|OUT WITH THE OLD AND IN WITH
THE NEW; NEW SEM (Scanning Electron Microscope) BRINGS GEOLOGY
RESEARCH INTO FULL VIEW.
STUDENT PRESENTS RESULTS AT THE 32nd INTERNATIONAL GEOLOGICAL
CONGRESS IN FLORENCE, ITALY.
Carol Register is a graduate of a local high school and
currently a CSUB Geology major supported by our SMART program. For her
research, she tested a model of climate change acquired from an Oregon
Lake by measuring the grain-size of the sediments deposited by this
lake back through time. Basically, the smaller the sediment grains,
the deeper the lake. The deeper the lake, the more it rained. Her work
provides a test for computer-generated climate models, the same models
that predict global warming.
Carol presented her results this summer at the 32nd
International Geological Congress in Florence, Italy. This is a
conference held only every four years which brings together geologists
from all over the world. In support of her trip, she was awarded a
$2,000 scholarship by the Geological Society of America. Notably,
Carol was the only awardee from a non-PhD granting institution. More
notably, she was the only undergraduate given this award!
|STUDENT RESEARCH SCHOLAR
Congratulations to Carol
Register, Geology Department undergraduate. Carol is one of 12
Student Research Scholars selected to receive the 2003-2004 Student
Research Scholar Award from the CSUB Division of Graduate Studies
|GREAT HORNED OWL NESTING
OUTSIDE GEOTECH CENTER
The geology department at CSUB is
getting the rare opportunity to observe a Great Horned Owl and her
owlets. The three owlets began hatching on March 21st and will
remain in the nest for a couple more weeks. The owl is nesting
in a window sill adjacent to the GeoTech center on the 3rd floor of
the Science II building. This is the third year the owl has
nested in this location. To view the owls in real time through
our web cam click the link below.
Photo by Becky Zelinski, April 9,
|GEOLOGY DEPARTMENT RECEIVES
By Becky Zelinski, Public
The California State University, Bakersfield geology department recently received a three-year, $400,000 grant from the Natural Science Foundation to study the climate history of the Southern San Joaquin Valley and support geoscience education in Kern County.
CSUB geology professors Dirk Baron and Rob Negrini, together with Manuel Palacios-Fest of Terra Nostra Earth Science in Arizona prepared the grant, which will support research designed to understand the regional climate history and flooding of the Kern River and its tributaries. The grant also provides significant funding to improve geoscience education in local middle and high schools and at CSUB.
According to Baron, receiving the grant is a significant accomplishment for CSUB since most Natural Science Foundation grants are awarded to large research universities. But more than that, he's excited about it because the grant will benefit students, the university and the community.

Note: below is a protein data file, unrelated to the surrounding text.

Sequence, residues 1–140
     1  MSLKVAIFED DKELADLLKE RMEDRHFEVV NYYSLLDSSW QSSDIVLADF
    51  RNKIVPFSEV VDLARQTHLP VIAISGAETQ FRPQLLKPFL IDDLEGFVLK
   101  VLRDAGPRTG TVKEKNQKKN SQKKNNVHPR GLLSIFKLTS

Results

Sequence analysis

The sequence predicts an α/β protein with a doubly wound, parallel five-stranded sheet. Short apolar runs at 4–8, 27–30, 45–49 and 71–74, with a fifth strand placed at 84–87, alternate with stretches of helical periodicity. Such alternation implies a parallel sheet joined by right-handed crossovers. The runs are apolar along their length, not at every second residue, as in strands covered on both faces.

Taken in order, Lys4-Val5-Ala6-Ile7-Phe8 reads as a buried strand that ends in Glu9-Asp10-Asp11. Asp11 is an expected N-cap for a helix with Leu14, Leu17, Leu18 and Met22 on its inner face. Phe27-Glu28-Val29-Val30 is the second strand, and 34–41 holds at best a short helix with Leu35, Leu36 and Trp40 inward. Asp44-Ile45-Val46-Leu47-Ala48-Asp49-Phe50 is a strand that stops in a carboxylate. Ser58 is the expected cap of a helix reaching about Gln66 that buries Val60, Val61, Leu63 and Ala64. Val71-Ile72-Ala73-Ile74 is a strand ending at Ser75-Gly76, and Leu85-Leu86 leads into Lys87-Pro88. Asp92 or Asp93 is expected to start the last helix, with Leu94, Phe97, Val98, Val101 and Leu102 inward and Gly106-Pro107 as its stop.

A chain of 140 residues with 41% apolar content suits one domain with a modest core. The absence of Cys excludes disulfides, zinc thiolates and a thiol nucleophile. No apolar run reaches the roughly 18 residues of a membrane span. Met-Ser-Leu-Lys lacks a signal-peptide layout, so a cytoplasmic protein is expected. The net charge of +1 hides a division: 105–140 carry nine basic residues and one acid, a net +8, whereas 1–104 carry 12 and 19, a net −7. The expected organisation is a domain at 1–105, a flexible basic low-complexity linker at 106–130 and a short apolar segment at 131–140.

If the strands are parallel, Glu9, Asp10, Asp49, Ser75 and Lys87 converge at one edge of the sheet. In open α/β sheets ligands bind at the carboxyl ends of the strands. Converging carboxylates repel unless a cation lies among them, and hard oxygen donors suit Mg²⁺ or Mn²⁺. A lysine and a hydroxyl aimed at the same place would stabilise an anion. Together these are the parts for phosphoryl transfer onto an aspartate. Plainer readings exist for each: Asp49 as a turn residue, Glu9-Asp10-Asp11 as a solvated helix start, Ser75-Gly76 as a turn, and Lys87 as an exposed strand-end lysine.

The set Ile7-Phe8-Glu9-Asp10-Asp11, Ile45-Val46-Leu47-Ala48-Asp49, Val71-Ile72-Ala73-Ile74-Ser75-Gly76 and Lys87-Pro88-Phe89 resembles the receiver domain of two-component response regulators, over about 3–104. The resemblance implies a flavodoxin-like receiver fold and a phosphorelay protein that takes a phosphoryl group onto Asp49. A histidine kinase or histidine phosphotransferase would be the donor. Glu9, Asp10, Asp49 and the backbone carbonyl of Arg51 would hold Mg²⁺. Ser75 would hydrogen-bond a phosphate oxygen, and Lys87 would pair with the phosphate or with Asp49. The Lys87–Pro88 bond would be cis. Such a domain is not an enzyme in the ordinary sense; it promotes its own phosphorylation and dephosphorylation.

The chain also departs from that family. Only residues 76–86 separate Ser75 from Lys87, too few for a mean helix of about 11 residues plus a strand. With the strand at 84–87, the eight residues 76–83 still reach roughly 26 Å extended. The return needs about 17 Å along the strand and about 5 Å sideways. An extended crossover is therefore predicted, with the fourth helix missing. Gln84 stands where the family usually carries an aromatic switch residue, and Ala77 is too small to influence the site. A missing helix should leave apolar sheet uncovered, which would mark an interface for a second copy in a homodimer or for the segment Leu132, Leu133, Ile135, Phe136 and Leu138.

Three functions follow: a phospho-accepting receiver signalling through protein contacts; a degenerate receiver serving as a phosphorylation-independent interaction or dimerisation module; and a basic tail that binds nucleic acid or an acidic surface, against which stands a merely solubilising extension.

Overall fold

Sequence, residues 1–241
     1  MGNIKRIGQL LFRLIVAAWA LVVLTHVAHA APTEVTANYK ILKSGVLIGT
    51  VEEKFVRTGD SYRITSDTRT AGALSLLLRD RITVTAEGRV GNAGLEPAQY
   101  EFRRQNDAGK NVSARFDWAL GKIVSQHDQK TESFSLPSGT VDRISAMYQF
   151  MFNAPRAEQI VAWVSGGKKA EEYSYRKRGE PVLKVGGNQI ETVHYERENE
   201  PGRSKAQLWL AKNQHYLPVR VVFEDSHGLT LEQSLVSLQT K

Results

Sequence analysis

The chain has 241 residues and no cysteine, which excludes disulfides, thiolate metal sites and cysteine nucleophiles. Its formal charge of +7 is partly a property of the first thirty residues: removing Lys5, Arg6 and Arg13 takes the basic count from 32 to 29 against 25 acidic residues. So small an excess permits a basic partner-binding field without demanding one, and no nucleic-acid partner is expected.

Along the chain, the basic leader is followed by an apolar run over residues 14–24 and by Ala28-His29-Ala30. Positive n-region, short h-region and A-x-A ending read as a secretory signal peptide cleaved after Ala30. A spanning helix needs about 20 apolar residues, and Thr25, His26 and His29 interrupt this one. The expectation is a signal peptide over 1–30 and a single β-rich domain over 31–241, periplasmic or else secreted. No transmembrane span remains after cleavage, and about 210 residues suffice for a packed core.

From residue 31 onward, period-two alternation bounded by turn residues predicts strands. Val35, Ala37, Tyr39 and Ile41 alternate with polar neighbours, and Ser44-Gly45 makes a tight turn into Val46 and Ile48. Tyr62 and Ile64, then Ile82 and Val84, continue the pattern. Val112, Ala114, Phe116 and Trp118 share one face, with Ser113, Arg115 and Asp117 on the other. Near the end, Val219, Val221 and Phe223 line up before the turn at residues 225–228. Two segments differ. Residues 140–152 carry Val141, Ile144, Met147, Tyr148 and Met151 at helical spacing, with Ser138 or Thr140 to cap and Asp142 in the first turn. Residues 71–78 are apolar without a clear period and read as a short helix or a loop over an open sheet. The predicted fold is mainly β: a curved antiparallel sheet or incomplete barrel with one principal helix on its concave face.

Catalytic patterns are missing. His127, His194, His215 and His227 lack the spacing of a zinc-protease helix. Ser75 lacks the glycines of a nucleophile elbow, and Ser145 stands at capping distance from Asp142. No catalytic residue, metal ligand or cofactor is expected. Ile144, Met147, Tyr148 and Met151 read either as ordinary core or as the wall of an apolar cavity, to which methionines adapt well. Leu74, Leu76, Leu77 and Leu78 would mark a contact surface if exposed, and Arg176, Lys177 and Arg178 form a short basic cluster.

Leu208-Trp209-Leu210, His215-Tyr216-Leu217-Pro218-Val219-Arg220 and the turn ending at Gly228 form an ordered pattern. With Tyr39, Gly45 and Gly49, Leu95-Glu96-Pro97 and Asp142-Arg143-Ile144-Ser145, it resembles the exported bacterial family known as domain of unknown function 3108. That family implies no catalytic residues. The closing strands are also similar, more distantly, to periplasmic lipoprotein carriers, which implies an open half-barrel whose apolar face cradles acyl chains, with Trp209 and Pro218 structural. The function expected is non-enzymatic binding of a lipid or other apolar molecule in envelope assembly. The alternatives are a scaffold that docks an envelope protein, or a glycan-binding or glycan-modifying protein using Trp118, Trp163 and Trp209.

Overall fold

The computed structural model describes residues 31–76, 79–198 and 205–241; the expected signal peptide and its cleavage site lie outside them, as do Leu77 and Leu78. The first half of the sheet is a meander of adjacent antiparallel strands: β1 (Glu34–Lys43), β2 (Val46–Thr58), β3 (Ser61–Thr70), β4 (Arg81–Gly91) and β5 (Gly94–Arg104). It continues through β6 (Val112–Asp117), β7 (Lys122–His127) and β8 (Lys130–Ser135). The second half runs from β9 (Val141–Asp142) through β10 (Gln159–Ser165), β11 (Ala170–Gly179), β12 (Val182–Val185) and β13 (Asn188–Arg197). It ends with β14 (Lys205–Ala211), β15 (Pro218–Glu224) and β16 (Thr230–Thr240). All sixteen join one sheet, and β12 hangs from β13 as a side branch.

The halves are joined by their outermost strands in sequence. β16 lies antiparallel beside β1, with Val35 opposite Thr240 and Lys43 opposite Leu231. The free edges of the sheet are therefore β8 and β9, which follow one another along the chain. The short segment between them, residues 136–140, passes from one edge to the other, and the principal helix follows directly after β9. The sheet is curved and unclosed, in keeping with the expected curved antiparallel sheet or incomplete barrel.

"This grant is great for the university because it will allow us to purchase new research equipment, support cutting-edge research by faculty and students, and help us recruit talented local high school students who may not otherwise attend CSUB," Baron said. "Students will benefit by the scholarships associated with the grant and it will also give them real research experience, which helps motivate them and gives them an edge when applying to grad schools."
"As for the community," Baron added, "our agriculture- and petroleum-based economy relies on geoscience expertise and provides excellent employment opportunities for geologists. Unfortunately, there's a real lack of K-12 teachers with training in the geosciences that could get kids interested in geology and make them aware of the many career opportunities in this field. This grant will significantly strengthen geoscience education in local schools by training middle and high school teachers. The community will also benefit from the research that will be conducted."
Each year of the grant, three $4,000 scholarships will be available to CSUB geology students. Grant funding will begin in September 2003.
|ANNE DRAUCKER RECEIVES
2002-03 PRESIDENT'S ASSOCIATES STUDENT RESEARCH SCHOLAR AWARD.
Anne with research advisors
Robert Horton, Dirk Baron and Robert Yohe
Geology undergraduate Anne
Draucker has received the prestigious President's Associates Student
Research Scholar Award. Anne is one of 11 CSUB students to be
granted a $2,500 award this year. Anne has received this award for
the development and implementation of her research project titled Identification
of Distinct Obsidian Flows within the Coso Volcanic Field, California by
Laser Ablation ICPMS and Archeological Implications. To read
Anne's abstract please click here.
|SENIOR RICK SCHROEDER WILL ATTEND THE LAUNCH
OF MARS EXPLORATION ROVER AT CAPE CANAVERAL, FLA. IN JUNE.